How do I cancel future donations?
You simply go to My Account (in the menu) and choose Cancel. Then press the Submit button to confirm. Your account will remain fully active with voting rights for the remainder of the year since your last annual donation. And of course you're welcome to reactive your account at any time in the future by visiting My Account > Donation Change, where you can resume your annual donations.

Can I change my annual donation amount?
Yes, with ease! Go to My Account in the menu and choose Donation Change in the submenu. Your current donation amount is shown. Select the new annual amount you'd prefer. If you're lowering your annual donation amount, it will take effect at your next billing anniversary. If you're increasing your donation amount, then there's a good chance you want that to take effect immediately. If you'd rather the increase take effect at your next regular billing anniversary, simply uncheck the checkbox. Then re-enter your credit card info and press Submit.

What happens if my credit card info changes?
No sweat! Go to My Account (in the menu) and choose Credit Card. Enter your new card information and hit Submit. The new card info will be used on your next billing anniversary. But if it doesn't occur to you to keep Charitocracy in the loop (why would it?), that's not the end of the world! If we fail to process your next annual donation, for example because your previous card has expired or was cancelled, you'll get a friendly email from us as well as from our payment processor, Stripe, giving you the heads up and suggesting you update your card info as described here.

If my recurring donations fail to process, what happens?
Smithers, release the hounds! Seriously, this is not a problem. Chances are you've just got a new credit card, no big deal! You'll get up to 4 reminder emails, suggesting you update your credit card info. (See previous question!) But then we give up. We don't send collections agencies after you, or guys with baseball bats. Just one last snarky email about your account losing its voting privileges, along with instructions to resume your annual donations any time in the future.

Why am I seeing $0 or $1 pending charges in my credit card's recent activity?
If you've spent any time watching your credit card's pending transactions, then you'll be familiar with otherwise unexpected temporary charges that appear there, and then disappear again usually after a couple days. For example, when you slide your card at a gas station, you'll often see a temporary charge for $50 or $100 to ensure that after you fill your tank, the actual transaction will go through successfully. Our payment processor, Stripe, uses a pre-authorization like this to validate your card details before you submit a transaction. The amount will be $0 or $1 depending on the type of card, but the charge is immediately reversed by Stripe and should disappear from your recent activity within a few days, just like other pre-authorizations you may be accustomed to seeing. With that said, do let us know if you ever see unexpected charges from Stripe/Charitocracy show up on your credit card statement (not just pending recent activity)!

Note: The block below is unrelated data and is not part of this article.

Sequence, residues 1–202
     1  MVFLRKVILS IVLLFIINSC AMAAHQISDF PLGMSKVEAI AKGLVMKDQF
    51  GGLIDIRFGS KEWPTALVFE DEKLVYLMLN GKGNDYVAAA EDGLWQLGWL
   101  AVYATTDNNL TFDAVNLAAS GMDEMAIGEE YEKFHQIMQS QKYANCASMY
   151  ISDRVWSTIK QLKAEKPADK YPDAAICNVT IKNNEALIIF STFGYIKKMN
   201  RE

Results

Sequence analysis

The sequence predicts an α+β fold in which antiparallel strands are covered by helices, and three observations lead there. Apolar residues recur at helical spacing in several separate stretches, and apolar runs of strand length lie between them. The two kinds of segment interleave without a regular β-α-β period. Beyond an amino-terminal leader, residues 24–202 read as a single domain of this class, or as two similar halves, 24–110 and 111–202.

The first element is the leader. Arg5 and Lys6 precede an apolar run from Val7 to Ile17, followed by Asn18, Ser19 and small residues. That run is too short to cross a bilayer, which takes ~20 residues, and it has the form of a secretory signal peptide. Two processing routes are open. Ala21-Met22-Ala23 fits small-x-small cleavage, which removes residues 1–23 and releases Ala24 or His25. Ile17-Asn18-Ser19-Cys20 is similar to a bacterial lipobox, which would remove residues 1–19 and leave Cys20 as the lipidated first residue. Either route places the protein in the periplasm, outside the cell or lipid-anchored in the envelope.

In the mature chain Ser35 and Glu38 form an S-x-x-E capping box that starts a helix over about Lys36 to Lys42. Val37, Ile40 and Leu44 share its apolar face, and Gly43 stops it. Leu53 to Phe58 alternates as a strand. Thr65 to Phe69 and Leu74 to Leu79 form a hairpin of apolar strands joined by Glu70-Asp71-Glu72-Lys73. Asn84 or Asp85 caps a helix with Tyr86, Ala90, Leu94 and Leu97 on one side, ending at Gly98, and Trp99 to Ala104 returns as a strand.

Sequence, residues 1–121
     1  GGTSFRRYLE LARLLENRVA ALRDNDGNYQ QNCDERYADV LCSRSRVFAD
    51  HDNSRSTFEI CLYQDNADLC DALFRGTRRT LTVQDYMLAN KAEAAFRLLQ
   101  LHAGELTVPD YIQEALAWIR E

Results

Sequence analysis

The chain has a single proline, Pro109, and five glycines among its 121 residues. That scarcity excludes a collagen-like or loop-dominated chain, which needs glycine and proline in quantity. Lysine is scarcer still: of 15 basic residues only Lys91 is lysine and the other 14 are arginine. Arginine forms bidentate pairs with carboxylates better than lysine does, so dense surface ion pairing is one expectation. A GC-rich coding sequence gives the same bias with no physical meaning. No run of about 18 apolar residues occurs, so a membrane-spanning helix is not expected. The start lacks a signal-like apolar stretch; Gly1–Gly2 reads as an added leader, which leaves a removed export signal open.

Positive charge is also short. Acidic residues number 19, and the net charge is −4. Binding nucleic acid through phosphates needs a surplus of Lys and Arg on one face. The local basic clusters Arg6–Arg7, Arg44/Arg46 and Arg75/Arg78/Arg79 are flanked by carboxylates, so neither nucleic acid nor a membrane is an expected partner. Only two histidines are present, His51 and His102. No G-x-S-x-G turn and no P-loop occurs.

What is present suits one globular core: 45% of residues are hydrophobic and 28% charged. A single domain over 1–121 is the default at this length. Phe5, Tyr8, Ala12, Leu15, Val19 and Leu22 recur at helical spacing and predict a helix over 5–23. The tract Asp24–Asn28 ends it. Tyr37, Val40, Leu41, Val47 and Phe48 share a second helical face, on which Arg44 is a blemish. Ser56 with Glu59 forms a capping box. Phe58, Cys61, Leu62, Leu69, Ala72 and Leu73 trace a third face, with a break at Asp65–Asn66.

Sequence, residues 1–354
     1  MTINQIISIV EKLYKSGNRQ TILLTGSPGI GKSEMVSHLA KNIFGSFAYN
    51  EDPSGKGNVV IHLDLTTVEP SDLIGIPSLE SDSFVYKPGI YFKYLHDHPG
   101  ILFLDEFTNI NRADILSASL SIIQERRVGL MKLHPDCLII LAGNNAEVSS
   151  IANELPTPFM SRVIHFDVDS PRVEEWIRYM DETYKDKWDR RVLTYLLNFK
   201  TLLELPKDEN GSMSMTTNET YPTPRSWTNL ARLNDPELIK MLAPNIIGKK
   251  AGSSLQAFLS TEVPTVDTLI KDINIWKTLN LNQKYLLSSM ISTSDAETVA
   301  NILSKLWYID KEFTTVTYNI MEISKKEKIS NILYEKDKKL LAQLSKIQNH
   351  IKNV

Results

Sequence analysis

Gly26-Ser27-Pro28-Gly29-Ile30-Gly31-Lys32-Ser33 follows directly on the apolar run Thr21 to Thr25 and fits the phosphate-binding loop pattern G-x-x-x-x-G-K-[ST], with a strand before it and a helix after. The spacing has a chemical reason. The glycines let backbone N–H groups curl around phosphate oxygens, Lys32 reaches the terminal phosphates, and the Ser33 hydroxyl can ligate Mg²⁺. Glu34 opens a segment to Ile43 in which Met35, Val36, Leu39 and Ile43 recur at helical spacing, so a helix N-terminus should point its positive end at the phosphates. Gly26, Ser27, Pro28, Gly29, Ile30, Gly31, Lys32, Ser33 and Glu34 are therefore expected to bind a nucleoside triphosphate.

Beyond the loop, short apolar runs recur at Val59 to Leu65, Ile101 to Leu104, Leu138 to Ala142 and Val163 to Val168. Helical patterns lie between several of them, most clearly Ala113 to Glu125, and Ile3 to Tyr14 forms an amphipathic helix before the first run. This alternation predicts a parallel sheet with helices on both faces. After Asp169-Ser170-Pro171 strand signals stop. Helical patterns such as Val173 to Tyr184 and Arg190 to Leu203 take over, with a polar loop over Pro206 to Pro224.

Why should I give to Charitocracy instead of directly to my favorite charity?
No, not instead! If you already give to your favorite charities, you should certainly continue, and maybe up the ante each year as your personal finances allow. The aim of Charitocracy is to get more people donating more money to more good causes than they already do (if at all). We want to make it fun, educational, social, and super convenient. If there's any instead involved, I'd like donors to give via Charitocracy instead of (or in addition to) spending time and money on frivolous forms of entertainment. For example, if donors spend nearly as much time nominating, discussing, and voting for causes on Charitocracy as they do setting up their fantasy football lineup each autumn week, I'd call that a win! If the winners of Charitocracy received a fraction of the attention that winners of American Idol or Dancing with the Stars receive around the water cooler the next morning, I'd call that a win! But do continue to support your favorite charities, and then go a step further and introduce others to them by nominating and being a cheerleader for them on Charitocracy!

Can I mail in a donation (nomination, vote, etc.)?
When accompanied by a giant-size cardboard check with lots of zeroes, we'll mail you back an iPad all set up for you to click the Donate button yourself! But seriously, Charitocracy makes heavy use of IT in order to have as little human overhead as possible, so that each donated monthly dollar gets into the hands of the winning causes. Handling transactions via snail mail would put a damper on our efficiency! At the same time we strive to be inclusive, so if you have a special situation we might accommodate, do get in touch!